A Touch Of The Tropics
How many of us go off on holiday and return, longing to have a garden with the lush greenery and foliage of the places that we have visited? With our climate getting warmer, there certainly seems to be an increased interest in trying tropical plants or creating that look using hardy alternatives. The tropical garden at RHS Wisley in late summer showcases a range of bananas, palms, Scheffleras and other bold exotic plants. With warmers temperatures, city gardens make a perfect setting for these more tender plants. If you crave a jungle garden, use a local Garden Designer who has an understanding of the environment and the plants that can create this look.
What is a tropical gardens? It can be defined in different ways by different people. However, the best way to describe tropical or exotic garden is the attempt of recreating a planting scheme that resonates with a warmer climate.
Photo Credit: Manoj Malde Designer: Mattie Childs Contractor: Living Landscapes
A stunning garden created designer Mattie Childs at RHS Hampton Court Flower Show. He has made full use of green lush planting incorporating Loquat, Palms, Bamboo, Fig, Cannas, Rodgersias and Hakonechloa. Just one spark of colour has been introduced throughout the scheme using New Guinea Busy Lizzies. These need shade so Mattie has cleverly created an overhead canopy with taller plants and all the plants he has used can be successfully grown in the UK.
My friend Rob Stacewicz has a passion for unusual plants, which he has grown for over 20 years. Discussing this blog with him, he describes his garden as an exotic-style English garden. Rob has divided his garden into Mediterranean and tropical zones, although very loosely he hastens to add. Rob believes people are drawn to the bold, structural forms of plants grown in warmers climates. He explains that, in theory, any plant that is non-native is an exotic. Exotic gardening is all about picking plants with the most dramatic forms, lushness of foliage, combining textures and colours.
Steve Edney’s garden, “Sweetbriar”, in Ash near Sandwich this tropical scheme uses a dark leaf Dahlia that ties back with the leaves of the Canna. The pink flowering Abutilon sits really well with oranges flowering Dahlia. These hot colours do create a real sense of the tropics. Even the spreading branches of the Mimosa look as if they are languishing in the heat.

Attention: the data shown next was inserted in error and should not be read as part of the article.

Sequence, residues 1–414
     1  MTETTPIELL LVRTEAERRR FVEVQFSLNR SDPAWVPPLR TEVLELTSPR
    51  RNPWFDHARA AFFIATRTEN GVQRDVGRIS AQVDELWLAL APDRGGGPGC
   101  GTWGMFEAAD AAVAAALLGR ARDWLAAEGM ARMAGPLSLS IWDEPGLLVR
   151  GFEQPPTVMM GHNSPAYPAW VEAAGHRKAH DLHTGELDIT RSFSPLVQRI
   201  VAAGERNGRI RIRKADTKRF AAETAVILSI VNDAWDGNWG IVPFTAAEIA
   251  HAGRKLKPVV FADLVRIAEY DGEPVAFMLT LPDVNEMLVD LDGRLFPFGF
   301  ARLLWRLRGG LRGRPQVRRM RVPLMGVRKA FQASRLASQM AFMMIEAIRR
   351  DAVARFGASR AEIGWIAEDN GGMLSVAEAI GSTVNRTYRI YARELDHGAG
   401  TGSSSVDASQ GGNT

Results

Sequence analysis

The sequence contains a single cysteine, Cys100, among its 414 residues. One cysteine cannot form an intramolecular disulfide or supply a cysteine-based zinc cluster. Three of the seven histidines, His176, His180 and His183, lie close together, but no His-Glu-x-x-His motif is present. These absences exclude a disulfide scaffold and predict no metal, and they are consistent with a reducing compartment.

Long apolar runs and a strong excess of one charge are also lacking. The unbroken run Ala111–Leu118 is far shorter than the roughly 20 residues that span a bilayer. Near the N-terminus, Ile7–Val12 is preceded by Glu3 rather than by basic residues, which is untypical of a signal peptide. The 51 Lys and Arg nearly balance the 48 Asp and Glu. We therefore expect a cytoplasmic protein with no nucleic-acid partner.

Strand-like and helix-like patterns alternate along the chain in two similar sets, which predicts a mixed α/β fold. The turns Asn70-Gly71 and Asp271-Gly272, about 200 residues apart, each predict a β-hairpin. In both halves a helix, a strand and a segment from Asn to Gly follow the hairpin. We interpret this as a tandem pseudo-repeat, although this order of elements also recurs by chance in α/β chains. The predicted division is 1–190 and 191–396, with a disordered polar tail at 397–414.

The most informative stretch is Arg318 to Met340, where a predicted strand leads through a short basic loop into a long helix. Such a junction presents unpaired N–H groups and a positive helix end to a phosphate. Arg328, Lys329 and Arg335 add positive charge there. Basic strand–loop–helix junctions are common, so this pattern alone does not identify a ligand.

Photo Credit: Dan Cooper
In the UK, creating a tropical garden does not mean limiting yourself to tender plants. If you live in a city, coastal areas warmed by the Gulf Stream, or have a walled garden, then you are likely to experience milder winters and less chance of severe frost. Rob says in microclimate areas like this, you can risk growing half-hardy plant species, which increases the palette of plants even further.
Give your garden that lush tropical vibe by growing tall plants that will create a canopy. Encourage the foliage of these tall shrubs and trees to interconnect with each other thereby providing shelter and protection for the more tender underlayer of planting. I often lift up the canopy of tall shrubs and tree by removing the lower branches. This provides me with space to plant underneath.
The tropical garden at Great Dixter all green but relying on texture, form, layers and different shades of green. You may be wondering why they are growing nettles in the foreground. This plant is Boehmeria japonica.
Photo Credit: Dan Cooper
Photo Credit: Dan Cooper